National protest in France against Macron’s pension reform plans on January 9, 2020.
Over the winter holidays, while the rest of the world decorated their streets with festive lights and Christmas garlands, the avenues of Paris have been filled with banners, riot police, and tear gas. It has been two months since various protests and strikes against the French President Emmanuel Macron’s pension reforms erupted in December, and public sector employees, such as lawyers, teachers, and hospital workers, have been on a continuous strike. Railway workers, in particular, have been on strike for the longest time since 1968. On December 5th, over 800,000 protestors took to the streets, marking a turnout not seen since the gilets jaunes (yellow vests) protests in 2018.
Under the proposed reforms, special pensions for French public sector workers, which currently allow them to retire at the age of 50, will be abolished. Their monthly pensions will be calculated according to the same rules as those in the private sector, which would mark a noticeable decrease in their pension. The new system will allow those with patchy careers to accumulate credit for every hour worked. High earners will pay extra for the pensions of others. And, although the minimum legal retirement age would technically remain at 62, a new “equilibrium age” of 64 would be established with additional incentives to work beyond that.
The French unions, however, see these proposals in a different light. The Confédération Générale du Travail, or the General Confederation of Labour, rejects the proposed points-based system. It accuses Macron, which it calls “a president of the ultra-rich,” of having destroyed the pension system. Having organized strikes since day one of the proposal, it has refused to return to work until the government abandons its plans for reform. Talks between unions and the government resumed on January 7th, after protests continued throughout December. President Macron says that he has no intention of shelving his reform, and the confederation of labour has said that it would not accept any compromise. As such, it’s hard to see how the protests would end up.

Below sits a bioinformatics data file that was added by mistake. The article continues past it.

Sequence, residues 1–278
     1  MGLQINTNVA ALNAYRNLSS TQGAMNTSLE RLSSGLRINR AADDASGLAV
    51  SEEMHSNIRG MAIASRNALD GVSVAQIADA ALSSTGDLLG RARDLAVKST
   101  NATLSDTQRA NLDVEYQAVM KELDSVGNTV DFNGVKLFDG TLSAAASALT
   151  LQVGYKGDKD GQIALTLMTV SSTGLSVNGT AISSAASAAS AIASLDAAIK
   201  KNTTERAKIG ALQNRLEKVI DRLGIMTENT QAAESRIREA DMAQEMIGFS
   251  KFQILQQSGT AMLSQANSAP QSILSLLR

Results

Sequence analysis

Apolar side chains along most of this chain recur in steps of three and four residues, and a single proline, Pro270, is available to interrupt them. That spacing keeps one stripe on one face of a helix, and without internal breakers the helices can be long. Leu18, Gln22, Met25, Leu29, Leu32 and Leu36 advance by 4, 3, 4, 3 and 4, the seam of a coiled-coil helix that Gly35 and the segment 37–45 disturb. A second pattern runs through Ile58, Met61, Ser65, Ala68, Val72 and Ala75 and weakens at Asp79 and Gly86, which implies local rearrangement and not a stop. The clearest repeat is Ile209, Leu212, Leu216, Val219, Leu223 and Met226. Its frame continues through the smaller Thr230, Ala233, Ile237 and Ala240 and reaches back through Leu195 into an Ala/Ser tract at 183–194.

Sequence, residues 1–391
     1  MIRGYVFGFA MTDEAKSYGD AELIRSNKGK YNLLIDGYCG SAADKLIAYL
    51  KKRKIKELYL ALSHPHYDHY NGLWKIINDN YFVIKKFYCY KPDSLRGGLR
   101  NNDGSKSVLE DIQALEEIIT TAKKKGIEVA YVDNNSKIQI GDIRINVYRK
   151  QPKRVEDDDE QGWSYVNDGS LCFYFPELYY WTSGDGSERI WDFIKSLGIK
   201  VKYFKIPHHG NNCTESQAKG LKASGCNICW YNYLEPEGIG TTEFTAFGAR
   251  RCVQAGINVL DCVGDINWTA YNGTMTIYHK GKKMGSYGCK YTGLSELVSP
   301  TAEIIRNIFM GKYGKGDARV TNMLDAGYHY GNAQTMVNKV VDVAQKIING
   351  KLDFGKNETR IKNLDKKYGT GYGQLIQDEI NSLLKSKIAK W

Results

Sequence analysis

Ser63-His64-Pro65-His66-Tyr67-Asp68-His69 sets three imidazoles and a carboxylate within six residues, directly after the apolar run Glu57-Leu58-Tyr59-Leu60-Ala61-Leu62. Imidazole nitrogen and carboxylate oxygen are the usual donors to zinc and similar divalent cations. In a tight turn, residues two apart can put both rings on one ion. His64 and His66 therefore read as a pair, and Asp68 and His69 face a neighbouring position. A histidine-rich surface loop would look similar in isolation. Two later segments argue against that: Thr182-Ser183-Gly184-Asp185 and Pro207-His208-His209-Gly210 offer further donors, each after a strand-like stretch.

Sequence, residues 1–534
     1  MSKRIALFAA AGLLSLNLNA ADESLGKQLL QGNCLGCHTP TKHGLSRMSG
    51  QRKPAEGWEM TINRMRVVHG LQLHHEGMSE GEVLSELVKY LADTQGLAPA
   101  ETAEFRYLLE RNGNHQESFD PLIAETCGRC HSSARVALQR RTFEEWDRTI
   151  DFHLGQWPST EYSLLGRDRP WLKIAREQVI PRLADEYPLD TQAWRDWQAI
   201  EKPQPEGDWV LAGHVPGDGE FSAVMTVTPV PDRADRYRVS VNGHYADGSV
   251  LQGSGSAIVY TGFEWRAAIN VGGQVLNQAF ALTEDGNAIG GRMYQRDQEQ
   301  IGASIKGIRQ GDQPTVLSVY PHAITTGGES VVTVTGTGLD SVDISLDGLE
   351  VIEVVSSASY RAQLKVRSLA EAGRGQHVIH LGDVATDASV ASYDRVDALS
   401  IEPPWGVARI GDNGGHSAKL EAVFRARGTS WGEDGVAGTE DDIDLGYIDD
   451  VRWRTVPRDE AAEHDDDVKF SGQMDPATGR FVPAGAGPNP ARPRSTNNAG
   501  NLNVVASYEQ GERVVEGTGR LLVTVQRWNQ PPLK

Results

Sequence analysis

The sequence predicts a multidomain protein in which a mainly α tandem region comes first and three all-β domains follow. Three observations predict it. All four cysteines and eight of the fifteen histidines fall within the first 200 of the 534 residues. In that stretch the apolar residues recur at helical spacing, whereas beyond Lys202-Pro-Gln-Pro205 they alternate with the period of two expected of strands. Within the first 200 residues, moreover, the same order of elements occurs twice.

When and how this conflict is resolved not only matters to the commuters who are struggling to get to work on time amid the transportation strikes, but also as the measure by which Macron’s presidential term will be evaluated. With only two years until the next election, and having only narrowly survived the gilets jaunes protests against fuel price increases the year before, Macron has failed to meet the radical promises he made during his 2017 campaign, in which he vowed to reshape labor, training, and welfare systems to encourage job creation and ease mobility.
However, compromise with the confederation may be the only option moving forward. Much of what happens in the future will depend on the momentum of the protests in the near future, which is beginning to show signs of slowing. A big turnout was expected for a one-day protest on January 9th, but participation in the strike by railway workers has fallen from 32% on December 6th to a measly 6% on January 3rd, and among train drivers from 87% to 31%. Although most polls show that the majority of French citizens support the strikes, a couple have shown the number slip below 50% on certain occasions. Yet, despite these discrepancies, most of the French are still against the proposed new system.
Poor communication, conspiracy theories, and hostility to Mr. Macron means that, even now, few believe his claim that he is trying to reform France’s pension system rather than destroy it. In order for his reforms to pass, he may first have to change the way he is received before turning to policy changes.